The party that solves that riddle, if one ever does, will have a path to dominance in the state.
Ted vs. Beto: The Big Show
If there’s a main event on Texas’ 2018 election card, it is, without a doubt, Cruz and O’Rourke’s fight to serve alongside Texas Republican John Cornyn in the U.S. Senate.
When he joined the race in late March 2017, O’Rourke was largely unknown across the state, despite having served in the U.S. House since 2012. Unless they'd seen the representative talking about immigration or border security on cable news, voters in Dallas, Houston or San Antonio likely didn't know the El Paso congressman.
O’Rourke did his best to make up for lost time, barnstorming the state throughout 2017 and 2018, eventually visiting all of Texas’ 254 counties. He held town halls in brewery backyards in Garland, ballrooms in Odessa and Italian restaurants in Atlanta (population 5,600, south of Texarkana). Suddenly, O’Rourke was everywhere, explicitly rejecting Trumpism on behalf of Texans and promising the sort of broad-based, inspirational politics that appeared prominently in President Barack Obama’s first presidential campaign in 2008.
“Yes, it is about stopping that wall and that Muslim ban,” O’Rourke said during a stop at Oak Cliff’s Texas Theatre in March, "but it’s also about replacing it with our best ideas, our ambition and our aspiration. The boldness, the confidence and the strength. The courage that should distinguish us in Texas, especially at this time of smallness and paranoia and bigotry and hatred in this country.”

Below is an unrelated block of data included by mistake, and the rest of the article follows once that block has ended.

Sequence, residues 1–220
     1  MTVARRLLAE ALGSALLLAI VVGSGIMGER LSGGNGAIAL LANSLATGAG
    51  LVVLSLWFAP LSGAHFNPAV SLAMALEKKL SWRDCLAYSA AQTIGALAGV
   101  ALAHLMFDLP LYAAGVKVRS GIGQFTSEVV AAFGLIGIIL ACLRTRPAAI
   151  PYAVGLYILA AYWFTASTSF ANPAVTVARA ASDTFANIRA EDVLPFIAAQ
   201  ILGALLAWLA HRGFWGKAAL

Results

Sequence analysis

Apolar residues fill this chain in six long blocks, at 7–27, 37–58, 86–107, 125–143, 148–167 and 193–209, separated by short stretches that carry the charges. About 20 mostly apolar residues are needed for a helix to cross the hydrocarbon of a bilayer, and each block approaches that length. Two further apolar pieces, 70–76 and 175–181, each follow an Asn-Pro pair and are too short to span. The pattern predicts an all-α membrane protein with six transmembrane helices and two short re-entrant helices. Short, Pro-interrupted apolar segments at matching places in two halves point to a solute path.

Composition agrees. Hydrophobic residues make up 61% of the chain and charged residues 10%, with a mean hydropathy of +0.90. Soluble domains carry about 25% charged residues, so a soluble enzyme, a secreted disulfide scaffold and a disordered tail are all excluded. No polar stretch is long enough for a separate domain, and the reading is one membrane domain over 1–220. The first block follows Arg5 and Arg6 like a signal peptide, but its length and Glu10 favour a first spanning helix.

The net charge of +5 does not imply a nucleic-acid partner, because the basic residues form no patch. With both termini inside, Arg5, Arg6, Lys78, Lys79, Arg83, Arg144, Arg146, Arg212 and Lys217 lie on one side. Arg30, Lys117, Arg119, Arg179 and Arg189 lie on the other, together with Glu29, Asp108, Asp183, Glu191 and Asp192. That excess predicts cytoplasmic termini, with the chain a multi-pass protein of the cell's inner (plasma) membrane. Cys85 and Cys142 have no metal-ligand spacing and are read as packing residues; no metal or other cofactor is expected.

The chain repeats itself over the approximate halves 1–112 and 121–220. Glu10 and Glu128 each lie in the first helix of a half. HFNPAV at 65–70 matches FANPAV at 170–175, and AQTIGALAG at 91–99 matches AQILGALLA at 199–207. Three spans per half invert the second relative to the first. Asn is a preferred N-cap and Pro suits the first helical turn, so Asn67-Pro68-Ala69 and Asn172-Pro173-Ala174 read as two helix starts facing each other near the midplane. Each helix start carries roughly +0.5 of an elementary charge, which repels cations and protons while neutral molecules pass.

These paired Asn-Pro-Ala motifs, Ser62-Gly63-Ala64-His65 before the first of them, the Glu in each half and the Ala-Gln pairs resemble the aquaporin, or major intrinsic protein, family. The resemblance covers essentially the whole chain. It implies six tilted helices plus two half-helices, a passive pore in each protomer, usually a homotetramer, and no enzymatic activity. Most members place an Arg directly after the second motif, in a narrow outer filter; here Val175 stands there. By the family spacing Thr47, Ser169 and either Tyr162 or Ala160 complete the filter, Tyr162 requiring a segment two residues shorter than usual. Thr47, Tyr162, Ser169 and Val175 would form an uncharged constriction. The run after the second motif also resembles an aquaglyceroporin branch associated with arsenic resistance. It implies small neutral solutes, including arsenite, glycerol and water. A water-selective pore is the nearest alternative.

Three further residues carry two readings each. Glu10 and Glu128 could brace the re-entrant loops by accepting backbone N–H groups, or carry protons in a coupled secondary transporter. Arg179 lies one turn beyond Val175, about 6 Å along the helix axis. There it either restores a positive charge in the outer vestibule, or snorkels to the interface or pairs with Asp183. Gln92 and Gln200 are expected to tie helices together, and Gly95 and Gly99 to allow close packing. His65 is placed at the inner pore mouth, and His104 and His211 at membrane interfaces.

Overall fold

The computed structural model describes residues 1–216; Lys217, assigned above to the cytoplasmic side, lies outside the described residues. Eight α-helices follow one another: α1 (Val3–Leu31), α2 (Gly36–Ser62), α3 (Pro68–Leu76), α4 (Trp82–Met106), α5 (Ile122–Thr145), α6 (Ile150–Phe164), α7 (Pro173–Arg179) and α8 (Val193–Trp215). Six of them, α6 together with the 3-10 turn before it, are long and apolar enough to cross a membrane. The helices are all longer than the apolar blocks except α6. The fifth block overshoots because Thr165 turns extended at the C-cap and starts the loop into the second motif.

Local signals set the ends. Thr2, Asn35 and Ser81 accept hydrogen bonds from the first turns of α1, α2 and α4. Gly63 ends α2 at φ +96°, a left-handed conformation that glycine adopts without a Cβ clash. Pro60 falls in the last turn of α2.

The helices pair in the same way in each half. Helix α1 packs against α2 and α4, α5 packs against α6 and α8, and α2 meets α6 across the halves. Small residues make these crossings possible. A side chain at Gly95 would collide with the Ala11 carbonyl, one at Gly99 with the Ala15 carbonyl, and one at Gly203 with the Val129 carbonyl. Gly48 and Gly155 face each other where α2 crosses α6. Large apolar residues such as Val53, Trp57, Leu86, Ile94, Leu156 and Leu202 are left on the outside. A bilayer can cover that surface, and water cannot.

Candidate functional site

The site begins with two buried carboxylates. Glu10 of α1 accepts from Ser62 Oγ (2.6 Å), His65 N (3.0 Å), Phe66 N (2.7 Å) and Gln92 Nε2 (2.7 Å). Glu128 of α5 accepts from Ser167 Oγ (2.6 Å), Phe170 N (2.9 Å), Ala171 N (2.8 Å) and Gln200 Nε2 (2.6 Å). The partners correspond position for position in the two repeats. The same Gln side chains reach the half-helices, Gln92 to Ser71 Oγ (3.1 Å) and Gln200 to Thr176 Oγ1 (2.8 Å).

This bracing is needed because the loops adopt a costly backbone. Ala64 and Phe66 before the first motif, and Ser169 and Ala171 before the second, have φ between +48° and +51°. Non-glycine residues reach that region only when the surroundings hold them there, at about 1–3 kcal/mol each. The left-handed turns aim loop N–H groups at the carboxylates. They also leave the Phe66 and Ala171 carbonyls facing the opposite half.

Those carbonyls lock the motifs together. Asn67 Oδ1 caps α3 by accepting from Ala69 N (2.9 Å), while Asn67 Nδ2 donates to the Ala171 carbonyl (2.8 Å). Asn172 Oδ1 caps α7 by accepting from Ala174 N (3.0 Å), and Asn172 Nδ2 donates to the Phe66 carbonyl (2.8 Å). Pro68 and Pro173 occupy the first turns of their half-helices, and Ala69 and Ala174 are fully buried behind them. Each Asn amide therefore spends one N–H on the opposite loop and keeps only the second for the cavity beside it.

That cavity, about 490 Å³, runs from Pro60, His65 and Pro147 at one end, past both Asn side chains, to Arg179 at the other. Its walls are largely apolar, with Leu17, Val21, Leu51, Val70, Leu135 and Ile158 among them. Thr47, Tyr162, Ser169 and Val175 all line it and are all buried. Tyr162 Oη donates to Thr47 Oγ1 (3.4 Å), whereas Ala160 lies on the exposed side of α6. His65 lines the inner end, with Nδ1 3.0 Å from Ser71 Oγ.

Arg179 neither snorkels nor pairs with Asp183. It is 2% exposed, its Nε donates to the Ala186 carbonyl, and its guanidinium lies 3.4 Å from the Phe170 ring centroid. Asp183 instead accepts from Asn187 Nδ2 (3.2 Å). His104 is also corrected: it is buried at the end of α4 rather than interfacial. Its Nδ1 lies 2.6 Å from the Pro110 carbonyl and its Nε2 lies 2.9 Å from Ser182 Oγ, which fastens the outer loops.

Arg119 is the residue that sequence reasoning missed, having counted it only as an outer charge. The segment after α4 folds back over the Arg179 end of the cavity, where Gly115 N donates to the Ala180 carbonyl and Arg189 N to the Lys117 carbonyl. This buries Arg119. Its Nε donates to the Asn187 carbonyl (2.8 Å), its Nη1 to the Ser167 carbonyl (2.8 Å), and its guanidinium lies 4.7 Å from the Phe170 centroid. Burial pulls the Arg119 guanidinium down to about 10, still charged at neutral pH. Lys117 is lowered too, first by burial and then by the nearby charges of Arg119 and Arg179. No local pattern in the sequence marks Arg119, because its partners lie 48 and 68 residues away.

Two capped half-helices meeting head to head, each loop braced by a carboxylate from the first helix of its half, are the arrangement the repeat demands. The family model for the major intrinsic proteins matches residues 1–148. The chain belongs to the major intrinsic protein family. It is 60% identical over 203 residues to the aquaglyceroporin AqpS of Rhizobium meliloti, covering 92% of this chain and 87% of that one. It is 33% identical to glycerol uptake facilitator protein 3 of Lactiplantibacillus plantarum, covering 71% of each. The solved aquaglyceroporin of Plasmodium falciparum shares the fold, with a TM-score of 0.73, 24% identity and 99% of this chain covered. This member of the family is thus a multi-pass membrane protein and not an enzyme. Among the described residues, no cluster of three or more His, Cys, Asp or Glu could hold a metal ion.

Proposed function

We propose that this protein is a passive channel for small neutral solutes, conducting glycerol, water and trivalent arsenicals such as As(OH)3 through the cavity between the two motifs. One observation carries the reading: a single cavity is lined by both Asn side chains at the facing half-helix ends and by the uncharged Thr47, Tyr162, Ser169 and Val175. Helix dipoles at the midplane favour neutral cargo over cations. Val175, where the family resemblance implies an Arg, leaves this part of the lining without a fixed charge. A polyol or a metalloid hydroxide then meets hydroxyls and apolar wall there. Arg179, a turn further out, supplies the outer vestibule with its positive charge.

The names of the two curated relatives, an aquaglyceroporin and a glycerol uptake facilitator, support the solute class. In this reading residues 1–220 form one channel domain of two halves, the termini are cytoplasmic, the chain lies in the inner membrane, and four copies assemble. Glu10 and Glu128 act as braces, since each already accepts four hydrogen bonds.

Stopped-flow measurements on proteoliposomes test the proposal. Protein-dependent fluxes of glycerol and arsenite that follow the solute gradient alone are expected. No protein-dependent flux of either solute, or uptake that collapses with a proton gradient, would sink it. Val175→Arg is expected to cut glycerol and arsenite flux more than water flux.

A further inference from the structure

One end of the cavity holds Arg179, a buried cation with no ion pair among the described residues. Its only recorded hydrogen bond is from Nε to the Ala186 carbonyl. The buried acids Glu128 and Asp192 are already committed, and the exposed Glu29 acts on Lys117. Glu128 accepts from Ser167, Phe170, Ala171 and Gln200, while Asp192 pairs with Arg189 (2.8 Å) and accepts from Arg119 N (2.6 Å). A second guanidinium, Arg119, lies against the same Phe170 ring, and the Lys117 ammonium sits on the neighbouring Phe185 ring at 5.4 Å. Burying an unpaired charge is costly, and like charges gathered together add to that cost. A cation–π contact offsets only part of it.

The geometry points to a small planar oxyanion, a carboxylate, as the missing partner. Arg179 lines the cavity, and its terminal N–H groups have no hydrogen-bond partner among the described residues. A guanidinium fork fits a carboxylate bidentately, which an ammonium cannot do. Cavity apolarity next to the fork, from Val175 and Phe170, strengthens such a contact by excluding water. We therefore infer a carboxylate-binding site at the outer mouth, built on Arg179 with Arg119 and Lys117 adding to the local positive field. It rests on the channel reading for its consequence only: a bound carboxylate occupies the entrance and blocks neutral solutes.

Despite a slip-up in March’s Democratic primary — O’Rourke received only about 60 percent of the vote despite being the only major candidate on the ballot — the congressman continued to pile up campaign cash and national attention throughout the spring and summer. O’Rourke got hagiographic profiles from magazines like Rolling Stone, Mother Jones and Esquire, among many, many others and regularly appeared on national TV, taking turns on The Ellen Show and The Late Show with Stephen Colbert as general election season heated up.
Despite being one of the bright, young things in Democratic politics — try to read one of those profiles without seeing a Kennedy comparison or an aside about how he used to play in a punk band with At the Drive In’s Cedric Bixler-Zavala — O’Rourke never managed to catch Cruz in the polls, consistently showing up somewhere between 4 and 9 points behind, depending on the pollster. That leads us to the biggest question that’s going to get answered Tuesday night: How good were the pollsters?
If the pollsters were right about who ended up voting in the election, Cruz, despite O’Rourke’s having run a smart, tenacious campaign, will hang on. Cruz's strong appeals to his conservative voters — painting O’Rourke as a socialist, pro-abortion zealot who hates cops and loves kneeling for the national anthem and flag burning — will have done enough to make sure that his blood-red base showed up to vote.